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    • "In both implicit and explicit measures of attitudes, we consistently found that stereotypical descriptions of athletes by traditional media have been deeply ingrained among the participants. Our findings support previous studies that found the stereotypes that people have of Blacks athletes (Billings, 2003, 2004; Denham, et al., 2002; Eastman & Billings, 2001; Halone & Billings, 2010; Rada & Wulfemeyer, 2005; Rainville, et al., 1978). Our study differed in that these stereotypes were positive attributes. "
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    ABSTRACT: Countless content analyses of sports coverage revealed that sports journalists associate particular adjectives to athletes based on race. A recurring pattern is the brain vs. brawn dichotomy. In a 2 (race: Black vs. White player) x 2 (description: stereotype-consistent vs. inconsistent) x 2 (source: journalist vs. blogger) within-subjects experiment, we empirically tested if the same set of stereotypes holds true among those exposed to these media stereotypes. Using both implicit (response latency) and explicit (credibility rating) measures, we found a consistent pattern of stereotyping Black athletes. Stereotypes were activated the quickest by a stereotypical description of a Black athlete. A journalist was also rated most credible when stereotypically describing a Black athlete.
    AEJMC, Chicago; 08/2013
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    • "This study uses a similar qualitative methodology to discover the themes and frames used to describe MLB athletes of differing races and nationalities. Review of Literature Media Portrayals of Minority Athletes in General Research on the stereotypes and portrayals of minority athletes in sport settings revealed that that successful White athletes are portrayed as achieving success due to controllable factors like a strong work ethic or intelligence , while successful Black athletes are portrayed as achieving success due to incontrollable factors like natural talent or physiological or biological advantage (Billings & Eastman, 2002; Birrell, 1989; Denham, Billings , & Halone, 2002; Eastman & Billings, 2001; Harris, 1993; McCarthy & Jones, 1997; Staples & Jones, 1985; Whannel, 1992). In addition, Wonsek (1992) found that White athletes are often portrayed as having natural leadership abilities in team sports. "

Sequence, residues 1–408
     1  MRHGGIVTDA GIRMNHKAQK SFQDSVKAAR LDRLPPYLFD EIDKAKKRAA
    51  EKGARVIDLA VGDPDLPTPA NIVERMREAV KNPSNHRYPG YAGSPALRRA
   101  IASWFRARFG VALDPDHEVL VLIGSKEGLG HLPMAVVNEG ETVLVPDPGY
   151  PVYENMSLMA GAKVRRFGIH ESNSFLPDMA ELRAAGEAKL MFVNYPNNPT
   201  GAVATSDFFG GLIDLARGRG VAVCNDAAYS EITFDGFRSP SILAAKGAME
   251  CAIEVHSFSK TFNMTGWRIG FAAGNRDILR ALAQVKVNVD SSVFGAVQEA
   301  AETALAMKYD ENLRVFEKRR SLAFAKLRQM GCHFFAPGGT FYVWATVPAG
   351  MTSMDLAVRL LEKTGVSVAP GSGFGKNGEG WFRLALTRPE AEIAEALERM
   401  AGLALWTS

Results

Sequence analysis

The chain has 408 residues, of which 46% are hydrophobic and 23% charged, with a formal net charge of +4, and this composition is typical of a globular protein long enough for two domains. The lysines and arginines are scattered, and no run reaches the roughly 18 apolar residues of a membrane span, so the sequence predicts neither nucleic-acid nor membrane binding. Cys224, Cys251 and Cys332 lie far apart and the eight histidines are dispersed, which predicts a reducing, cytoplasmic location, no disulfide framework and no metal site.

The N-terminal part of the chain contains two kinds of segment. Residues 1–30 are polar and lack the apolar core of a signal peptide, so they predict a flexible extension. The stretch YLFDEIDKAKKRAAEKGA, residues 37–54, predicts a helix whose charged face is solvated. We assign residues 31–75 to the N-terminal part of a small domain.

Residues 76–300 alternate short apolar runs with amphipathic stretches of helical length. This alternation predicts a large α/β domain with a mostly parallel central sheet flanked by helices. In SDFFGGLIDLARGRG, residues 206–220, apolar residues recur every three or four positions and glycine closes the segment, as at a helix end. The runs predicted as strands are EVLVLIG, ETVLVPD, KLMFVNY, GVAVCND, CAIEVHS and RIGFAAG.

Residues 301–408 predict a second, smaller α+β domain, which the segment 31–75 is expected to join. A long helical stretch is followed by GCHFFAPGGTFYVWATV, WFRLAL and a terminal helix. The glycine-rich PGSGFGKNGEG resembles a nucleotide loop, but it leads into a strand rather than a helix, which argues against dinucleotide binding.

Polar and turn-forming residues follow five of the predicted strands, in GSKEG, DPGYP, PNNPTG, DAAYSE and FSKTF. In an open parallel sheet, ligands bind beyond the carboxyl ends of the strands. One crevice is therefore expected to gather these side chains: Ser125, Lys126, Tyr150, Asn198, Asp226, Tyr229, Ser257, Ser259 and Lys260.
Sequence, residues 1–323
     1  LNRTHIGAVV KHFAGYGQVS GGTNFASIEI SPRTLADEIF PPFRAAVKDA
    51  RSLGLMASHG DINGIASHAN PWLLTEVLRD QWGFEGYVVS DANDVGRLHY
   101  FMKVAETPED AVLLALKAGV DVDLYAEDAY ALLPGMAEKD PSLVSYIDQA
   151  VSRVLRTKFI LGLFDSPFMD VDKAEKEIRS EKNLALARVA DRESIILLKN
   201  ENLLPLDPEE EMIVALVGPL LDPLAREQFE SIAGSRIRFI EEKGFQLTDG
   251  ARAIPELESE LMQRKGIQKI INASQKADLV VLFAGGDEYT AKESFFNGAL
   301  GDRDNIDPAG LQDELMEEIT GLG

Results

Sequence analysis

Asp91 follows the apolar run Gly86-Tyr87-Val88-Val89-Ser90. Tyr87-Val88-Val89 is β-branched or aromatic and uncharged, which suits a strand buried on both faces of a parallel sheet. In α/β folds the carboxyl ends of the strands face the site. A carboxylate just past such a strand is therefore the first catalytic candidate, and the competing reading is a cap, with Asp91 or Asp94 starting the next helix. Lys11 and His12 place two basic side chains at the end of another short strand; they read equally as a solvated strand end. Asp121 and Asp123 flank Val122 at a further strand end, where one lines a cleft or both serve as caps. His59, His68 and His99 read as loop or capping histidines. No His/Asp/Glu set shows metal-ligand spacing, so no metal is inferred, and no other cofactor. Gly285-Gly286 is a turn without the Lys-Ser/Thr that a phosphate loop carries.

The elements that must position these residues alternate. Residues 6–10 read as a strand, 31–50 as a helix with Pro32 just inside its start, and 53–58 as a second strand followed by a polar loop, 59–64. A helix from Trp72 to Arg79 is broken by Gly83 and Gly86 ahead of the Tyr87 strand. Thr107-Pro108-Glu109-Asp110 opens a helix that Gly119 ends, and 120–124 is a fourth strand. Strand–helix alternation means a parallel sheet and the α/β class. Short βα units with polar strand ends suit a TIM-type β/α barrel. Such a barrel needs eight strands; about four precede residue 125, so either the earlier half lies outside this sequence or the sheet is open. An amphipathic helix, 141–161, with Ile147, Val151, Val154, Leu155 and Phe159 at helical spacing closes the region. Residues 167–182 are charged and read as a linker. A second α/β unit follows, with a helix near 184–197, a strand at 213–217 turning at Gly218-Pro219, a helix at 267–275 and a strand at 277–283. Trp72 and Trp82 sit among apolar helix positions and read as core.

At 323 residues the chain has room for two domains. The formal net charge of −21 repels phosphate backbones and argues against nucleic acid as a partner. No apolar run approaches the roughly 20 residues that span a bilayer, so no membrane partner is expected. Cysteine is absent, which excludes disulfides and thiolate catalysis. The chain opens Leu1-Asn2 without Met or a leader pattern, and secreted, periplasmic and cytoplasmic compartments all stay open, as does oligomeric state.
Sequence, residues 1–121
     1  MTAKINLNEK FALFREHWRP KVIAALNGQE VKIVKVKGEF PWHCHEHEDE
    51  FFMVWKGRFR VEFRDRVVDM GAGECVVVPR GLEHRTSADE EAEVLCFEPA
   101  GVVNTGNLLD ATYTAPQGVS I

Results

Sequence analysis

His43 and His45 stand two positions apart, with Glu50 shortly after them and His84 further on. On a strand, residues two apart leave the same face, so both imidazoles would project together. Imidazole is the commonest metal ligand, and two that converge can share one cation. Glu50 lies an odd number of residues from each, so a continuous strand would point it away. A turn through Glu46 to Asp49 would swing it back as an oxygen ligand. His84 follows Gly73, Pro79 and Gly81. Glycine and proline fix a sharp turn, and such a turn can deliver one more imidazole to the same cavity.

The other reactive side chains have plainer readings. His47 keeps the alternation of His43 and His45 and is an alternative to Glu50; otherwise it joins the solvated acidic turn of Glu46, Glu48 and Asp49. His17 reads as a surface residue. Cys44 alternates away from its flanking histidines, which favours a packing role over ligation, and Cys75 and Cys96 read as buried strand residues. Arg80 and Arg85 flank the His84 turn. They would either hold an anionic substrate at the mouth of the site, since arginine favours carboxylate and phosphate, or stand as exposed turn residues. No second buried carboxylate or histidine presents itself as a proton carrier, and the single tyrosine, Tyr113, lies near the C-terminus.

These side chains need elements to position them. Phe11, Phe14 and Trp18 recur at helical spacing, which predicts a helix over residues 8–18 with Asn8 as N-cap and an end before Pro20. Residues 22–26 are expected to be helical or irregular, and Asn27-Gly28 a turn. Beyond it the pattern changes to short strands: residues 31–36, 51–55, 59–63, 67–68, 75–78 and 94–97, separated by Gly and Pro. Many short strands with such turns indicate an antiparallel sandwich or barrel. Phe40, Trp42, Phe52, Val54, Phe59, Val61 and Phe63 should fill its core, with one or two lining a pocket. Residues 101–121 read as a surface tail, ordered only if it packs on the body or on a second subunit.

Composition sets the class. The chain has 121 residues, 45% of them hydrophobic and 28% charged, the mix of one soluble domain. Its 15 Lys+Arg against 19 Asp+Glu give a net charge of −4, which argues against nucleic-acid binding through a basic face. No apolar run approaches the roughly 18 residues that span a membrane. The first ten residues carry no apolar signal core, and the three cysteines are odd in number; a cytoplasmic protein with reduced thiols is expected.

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    ABSTRACT: Racial and nationality-based stereotypes of professional baseball players have been prominent in the U.S. media since the 1800s (Voigt, 1976). To determine the manner and extent to which such stereotypes exist in the media today, a qualitative document analysis was conducted on the nation's top two general-interest sport magazines, Sports Illustrated and ESPN The Magazine from 2000 to 2007. Based on framing theory, the purpose of the study was to determine what differences existed between the frames used to describe athletes of differing nationalities and races. The results revealed that stereotypes based on race and nationalities were maintained throughout the study in both publications, further perpetuating such stereotypes in the minds of readers. In addition, differences existed in portrayals of athletes of the same race but different nationalities. Implications for sport managers and suggestions for future research are addressed.